by Alex Thomas | AHL On The Beat
April 13, 1997.
It’s a day that will live in infamy in Connecticut sports history. That’s the day the Hartford Whalers defeated the Tampa Bay Lightning by a final score of 2-1 at the Hartford Civic Center in the final game played by the Whaler franchise.
An emotional scene developed following the game, as fans showered their hockey heroes with love. Their hockey heroes showered them back, throwing sticks, pucks, and other items into the crowd as a “thank you” to the Hartford faithful. There was even Keith Primeau bowing to the “Hail Primeau” sign that hung from the stands.
On May 6, it was formally announced that the Hartford Whalers were bound for Raleigh, North Carolina.
There’s an old saying in life: when one door closes, another opens. Less than a month after the Whalers headed south, another happier announcement was made. The New York Rangers’ American Hockey League affiliate, based in Binghamton, N.Y., was purchased by Madison Square Garden and would be moved to the Hartford Civic Center in time for the 1997-98 season.
On October 3, 1997, in Providence, R.I., the Hartford Wolf Pack took to the ice to battle the Providence Bruins in the first game in Wolf Pack history.
This Friday against Bridgeport, the Wolf Pack will become the 10th team in AHL history to play 2,000 games based in one city.
It’s a milestone that signifies the successful marriage of a hockey-crazed market and a team committed to the community they play in.
“Not many teams have been lucky enough to play 2,000 games in the same community,” said Erik Hansen, the Wolf Pack’s vice president of business operations. “Because of the support of this community, we’re stronger than ever and we believe the next 2,000 games will be even better.”
The Wolf Pack haven’t just enjoyed success at the box office and in the community, they’ve enjoyed it on the ice too. In fact, the Wolf Pack enjoyed immediate success upon their arrival in Hartford.
The club made the Calder Cup Playoffs in each of their first 12 seasons and 14 of their first 15 in the Connecticut capital.
In each of their first three seasons, the Wolf Pack won at least one round in the Calder Cup Playoffs. The team advanced to the Eastern Conference Finals in their inaugural season of 1997-98, then made it to the second round in 1998-99.
And in 1999-2000, the Wolf Pack took themselves higher, reaching the pinnacle with a Calder Cup championship. The Pack defeated the Rochester Americans in six games to claim the first – and to this point only – championship in franchise history.
The biggest moment of that run was arguably the overtime goal scored by Terry Virtue in Game 7 of the Eastern Conference Finals, eliminating the defending Calder Cup champion Bruins.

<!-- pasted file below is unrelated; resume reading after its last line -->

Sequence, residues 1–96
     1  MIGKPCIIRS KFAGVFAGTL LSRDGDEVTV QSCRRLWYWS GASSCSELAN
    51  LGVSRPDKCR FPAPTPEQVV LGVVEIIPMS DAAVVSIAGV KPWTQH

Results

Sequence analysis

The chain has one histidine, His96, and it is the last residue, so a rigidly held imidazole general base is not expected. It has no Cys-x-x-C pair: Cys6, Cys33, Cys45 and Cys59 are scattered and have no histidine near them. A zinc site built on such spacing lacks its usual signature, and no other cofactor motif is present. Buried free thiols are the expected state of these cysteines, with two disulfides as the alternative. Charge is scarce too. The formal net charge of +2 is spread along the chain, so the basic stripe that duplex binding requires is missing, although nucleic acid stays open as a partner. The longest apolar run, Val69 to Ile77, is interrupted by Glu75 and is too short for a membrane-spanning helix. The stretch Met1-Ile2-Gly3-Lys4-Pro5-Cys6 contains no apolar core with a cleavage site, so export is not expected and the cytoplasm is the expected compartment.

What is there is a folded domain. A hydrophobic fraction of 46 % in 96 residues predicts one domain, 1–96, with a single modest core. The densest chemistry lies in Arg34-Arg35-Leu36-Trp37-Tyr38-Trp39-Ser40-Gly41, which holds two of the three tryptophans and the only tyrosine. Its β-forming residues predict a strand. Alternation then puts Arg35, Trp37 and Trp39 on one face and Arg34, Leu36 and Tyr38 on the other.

His moment will live forever in Wolf Pack history as one of the most special. He’s loved by this city and fan base, one that will welcome him with open arms when he returns on Friday night as part of the celebration.
While the moment will forever be special to the fans, this city and team will forever be special to Virtue.
“It’s not just a place I played hockey,” Virtue said. “It’s a very special city to me as we won a championship there. I think most important to me is my son was born there. I built some great friendships and made some best buddies on that team.”
No team in professional sports, regardless of the level, can survive without a passionate and caring fan base. One of the key reasons that the Wolf Pack have thrived through 2,000 games is the diehard fans who continue to fill the XL Center.
“Being a Wolf Pack fan for 27 seasons has been one of the most meaningful things in my life,” said Kat Bunko, a Wolf Pack season ticket holder and booster club member. “The team brought together my second family and gave me the greatest lifelong friends. We have had so many core memories created because of this team.
“Seeing the guys out in the community, making an impact, creating bonds in schools and at the Children’s Hospital only helps to bring in that next generation of fans. We couldn’t be prouder of our team and to see our players out in the Hartford community.”
Of course, in the American Hockey League, if you are going to have success, you’ll need a strong and supportive affiliate. The Wolf Pack’s affiliation with the New York Rangers is the second-longest in the league, behind only Providence and Boston.
“Over the course of the Hartford Wolf Pack’s first 2,000 games in franchise history, the Wolf Pack and New York Rangers have built a strong partnership that continues to grow each season,” Rangers assistant general manager and Wolf Pack GM Ryan Martin said. “The tireless work of staff members past and present, along with the passionate support from our fans in Hartford, has made the Wolf Pack one of the premier organizations in the AHL, and we look forward to many more productive years together.”
The milestone comes at a perfect time, amid a renaissance for the franchise. The Wolf Pack had their most attended season in 16 years in 2022-23 and have continued to draw quite well during the 2023-24 season. The club also made the Calder Cup Playoffs for the first time since 2015 last spring, advancing to the Atlantic Division Finals.
Two thousand games have come and gone for the Wolf Pack. Friday night will bring forth a celebration in the Connecticut capital for the longest-tenured pro hockey team in the city’s history.
Then, on Saturday night, the next 2,000 games begin, fittingly enough against the Bruins.